Fraser’s pride as Royal Navy show Drill Power

Royal Navy Drill Power

Royal Navy Drill Power

Darren Way. Picture: Sharon Lucey

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Callum Fraser insisted he loved every minute of his moment in the spotlight at the Invesco Perpetual City Regatta – despite missing out on victory.

The Portsmouth-based man and his Royal Navy Drill Power team-mates got their competitive juices flowing in London’s Canada Square Park as they fought to become the fastest team over 1km on Concept 2 rowing machines.

The regatta is a spectacular new challenge where four-strong male and female crews compete head-to-head in a series of fast and furious knockout races live on stage in four cities across the country.

Fraser, a tactical weapons engineering officer in the Royal Navy, was in action at the fourth event of the series in the capital – following races in Edinburgh, Leeds and Bristol.

A winners’ row-off will take place at London’s Guildhall next month – and while the RN Drill Power squad will not be there, they loved taking part.

Fraser said: ‘It was very, very tiring. I competed at the event in Bristol as well but for some reason, it was much harder this time round.

‘The teams in London seem to be of a much higher standard.

‘We came into the first heat expecting to be eased into it and hold a bit of energy back but we ended up in a very tight race and pushed ourselves a lot harder than we thought we would need to.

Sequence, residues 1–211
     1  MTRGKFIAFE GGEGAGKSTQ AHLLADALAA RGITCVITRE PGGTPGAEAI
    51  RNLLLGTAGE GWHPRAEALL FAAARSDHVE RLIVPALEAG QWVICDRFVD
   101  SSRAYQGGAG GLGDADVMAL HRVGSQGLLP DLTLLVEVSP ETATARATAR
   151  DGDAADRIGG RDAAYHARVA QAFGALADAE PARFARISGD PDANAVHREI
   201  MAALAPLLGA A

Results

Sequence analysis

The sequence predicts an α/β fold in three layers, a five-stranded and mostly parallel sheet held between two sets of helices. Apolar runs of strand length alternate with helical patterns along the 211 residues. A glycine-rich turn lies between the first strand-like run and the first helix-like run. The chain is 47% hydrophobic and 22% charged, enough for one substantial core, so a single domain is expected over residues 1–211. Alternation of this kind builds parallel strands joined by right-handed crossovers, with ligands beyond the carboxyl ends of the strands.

‘It’s been a great experience. Bristol was the first time I’d done any sort of competitive rowing, so I’ve really got the bug now and I want to get involved as much as possible.

‘I think it’s great for us, as the Royal Navy, to be shown getting involved with these events, showing we’re not only out on the ships and submarines but we are also enjoying ourselves alongside the general public.

‘This is an event you wouldn’t really see elsewhere and I think it will be really great for the sport as a whole as well.’

Designed to test both fitness and teamwork, the regatta is open to all – from seasoned pros to rowing novices.

All four crew members row on separate machines at the same time over a target distance of 1km.

The racing software then produces a 500m split pace for each rower, while the individual splits are then compiled in real time into one average split pace for the entire crew.

Their progress is displayed on big screens for competitors and spectators alike to see.

The London audience included double Olympic medallist Alex Partridge.

‘It’s a phenomenal event,’ said Partridge, who won silver and bronze in Beijing and London respectively.

‘It’s amazing to see the support for rowing, particularly rowing on the machine, which is one of the painful apparatus there is in any gym.

And I think the opportunities that the Invesco Perpetual City Regattas have opened up, to be able to attend the celebration of Great Britain’s Olympic medallists and athletes at the Guildhall with Leander Club, is a once in a lifetime opportunity, and a really special thing to have.’

n Invesco Perpetual’s innovative new ‘City Regatta’ event is a celebration of the achievements of Leander Club, the main feeder club to the GB team – with 24 of its rowers representing the national team in Rio.

The event aims to encourage more people across the UK to get involved in rowing.

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